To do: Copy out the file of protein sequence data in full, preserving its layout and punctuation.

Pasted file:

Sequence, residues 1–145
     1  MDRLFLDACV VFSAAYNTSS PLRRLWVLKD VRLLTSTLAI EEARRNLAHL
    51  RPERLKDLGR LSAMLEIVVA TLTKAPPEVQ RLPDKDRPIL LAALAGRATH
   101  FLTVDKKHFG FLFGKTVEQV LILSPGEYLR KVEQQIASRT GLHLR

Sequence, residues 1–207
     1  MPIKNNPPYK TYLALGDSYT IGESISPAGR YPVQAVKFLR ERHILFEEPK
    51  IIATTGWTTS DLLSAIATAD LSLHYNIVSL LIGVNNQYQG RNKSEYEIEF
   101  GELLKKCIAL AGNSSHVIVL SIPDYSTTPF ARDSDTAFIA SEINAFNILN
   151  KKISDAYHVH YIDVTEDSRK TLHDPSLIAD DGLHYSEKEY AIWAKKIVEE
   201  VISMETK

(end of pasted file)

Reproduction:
Sequence, residues 1–145
     1  MDRLFLDACV VFSAAYNTSS PLRRLWVLKD VRLLTSTLAI EEARRNLAHL
    51  RPERLKDLGR LSAMLEIVVA TLTKAPPEVQ RLPDKDRPIL LAALAGRATH
   101  FLTVDKKHFG FLFGKTVEQV LILSPGEYLR KVEQQIASRT GLHLR

Sequence, residues 1–207
     1  MPIKNNPPYK TYLALGDSYT IGESISPAGR YPVQAVKFLR ERHILFEEPK
    51  IIATTGWTTS DLLSAIATAD LSLHYNIVSL LIGVNNQYQG RNKSEYEIEF
   101  GELLKKCIAL AGNSSHVIVL SIPDYSTTPF ARDSDTAFIA SEINAFNILN
   151  KKISDAYHVH YIDVTEDSRK TLHDPSLIAD DGLHYSEKEY AIWAKKIVEE
   201  VISMETK